‘The Olympics needs this youth cool factor’: Tony Hawk sees world stage as only a part of skateboarding’s journey

Anthony Acosta/Vans Park Series23-year-old Curren Caples competes in the preliminaries and semifinals in Shanghai, China.

  • Skateboarding will make its Olympic debut at the 2020 Tokyo games, but how well it does will not be the deciding factor of skateboarding’s future, according to Tony Hawk.
  • The Olympics has struggled with millennial and Generation Z viewership.
  • The hope is for skateboarding to increase youth interest similar to the way snowboarding did in the Winter Olympics.
  • Visit Business Insider’s homepage for more stories.

Skateboarding will make its Olympic debut at the 2020 Tokyo games, but how well it does will not be the deciding factor of skateboarding’s future, according to Tony Hawk.

The skateboarding legend was a big proponent of the sport’s potential on a stage like the Olympics and in April became one of the main commentators for the Vans Park Series, the premiere park terrain skateboarding tour.

Midway through Hawk’s career in the early 1990s, skateboarding was struggling. It had lost its popularity and respect from the public. Skateparks closed and professional skating was almost worthless as a means of financial gain.

Still, the skateboarding community stayed determined, progressing on its own with no incentive aside from a love for the sport.

“[Skaters] took to the streets, they learned how to make the streets their urban landscape skatepark,” Hawk told Business Insider.

“To have done that and to create such a movement that now it’s in the spotlight, and now people can be compensated for it, is proof that skateboarders will persevere.”


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Skateboarding legend Tony Hawk talks Olympics, skate culture, being a father, and influence on the sport

The rise of street skating helped skateboarding grow, and by the late 1990s, more sponsors grew interested in the sport.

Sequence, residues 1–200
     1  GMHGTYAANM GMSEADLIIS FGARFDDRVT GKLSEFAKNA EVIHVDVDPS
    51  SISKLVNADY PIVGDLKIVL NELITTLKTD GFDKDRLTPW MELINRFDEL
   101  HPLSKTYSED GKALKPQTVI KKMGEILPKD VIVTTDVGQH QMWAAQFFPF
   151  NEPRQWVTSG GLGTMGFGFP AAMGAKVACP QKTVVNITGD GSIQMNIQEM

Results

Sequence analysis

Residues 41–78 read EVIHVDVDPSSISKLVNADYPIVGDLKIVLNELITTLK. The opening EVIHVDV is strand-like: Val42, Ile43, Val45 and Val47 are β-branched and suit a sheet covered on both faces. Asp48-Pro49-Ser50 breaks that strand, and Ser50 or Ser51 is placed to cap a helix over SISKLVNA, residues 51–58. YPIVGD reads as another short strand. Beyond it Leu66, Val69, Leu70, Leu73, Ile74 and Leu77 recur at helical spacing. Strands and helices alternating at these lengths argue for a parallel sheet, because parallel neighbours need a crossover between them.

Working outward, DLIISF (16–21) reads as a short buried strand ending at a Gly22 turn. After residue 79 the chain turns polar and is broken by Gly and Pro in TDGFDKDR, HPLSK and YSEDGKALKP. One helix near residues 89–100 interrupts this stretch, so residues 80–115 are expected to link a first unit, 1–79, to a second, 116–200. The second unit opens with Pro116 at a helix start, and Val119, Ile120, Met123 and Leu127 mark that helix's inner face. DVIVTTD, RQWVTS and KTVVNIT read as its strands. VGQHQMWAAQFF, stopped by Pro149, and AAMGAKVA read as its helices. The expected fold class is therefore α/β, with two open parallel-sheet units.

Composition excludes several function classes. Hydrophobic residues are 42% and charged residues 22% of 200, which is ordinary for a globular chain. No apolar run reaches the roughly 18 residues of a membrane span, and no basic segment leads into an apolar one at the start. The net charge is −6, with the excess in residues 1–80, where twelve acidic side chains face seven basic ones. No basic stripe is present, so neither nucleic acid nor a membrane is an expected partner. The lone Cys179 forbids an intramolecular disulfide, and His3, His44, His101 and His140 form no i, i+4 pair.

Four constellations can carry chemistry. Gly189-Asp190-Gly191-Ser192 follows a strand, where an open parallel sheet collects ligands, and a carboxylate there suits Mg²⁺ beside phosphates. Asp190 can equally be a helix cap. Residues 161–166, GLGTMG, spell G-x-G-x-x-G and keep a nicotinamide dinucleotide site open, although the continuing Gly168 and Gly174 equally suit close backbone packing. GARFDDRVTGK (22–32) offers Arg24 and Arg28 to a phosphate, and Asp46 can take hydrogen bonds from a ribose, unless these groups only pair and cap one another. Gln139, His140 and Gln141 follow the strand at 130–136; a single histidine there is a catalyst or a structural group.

Now, over 50 years since skateboarding first rose to popularity in the 1960s, the sport will take another step into the mainstream in Tokyo.

Tony HawkDan Mathieu

“I think it’s long overdue and I think it’s going to be great to see the new generation of skaters be recognised on that level and to have that sort of opportunity that generations past never got,” Hawk said.

“At the same time, I don’t think it’s the end all to skateboarding’s popularity or to skateboarding’s journey. If anything, it’s more that the Olympics needs this youth cool factor in their programming and they’re going to get it with skateboarding in the summer games the way that they got it with snowboarding in the winter games.”

The Olympics has struggled with gaining millennial and Generation Z audiences. During the 2016 Summer Olympics, the Wall Street Journal reported that the games experienced a 30% drop in viewership from ages 18-34.

When snowboarding was first introduced in 1998, viewership in that age group rose 23% and jumped again four years later with a 26% increase,ESPN reported in 2002. It has since grown into one of the Winter Olympics’ most popular events, and there is hope skateboarding will do the same for the summer games, as well as grow global interest.

“We want to take sport to the youth,” International Olympic Committee President Thomas Bach said in the organisation’s 2016 announcement of the addition of five new sports. “The five sports are an innovative combination of established and emerging, youth-focused events that are popular in Japan and will add to the legacy of the Tokyo Games.”

“If nothing else it’s going to get kids interested in skating from unlikely areas, from unlikely countries,” Hawk said.

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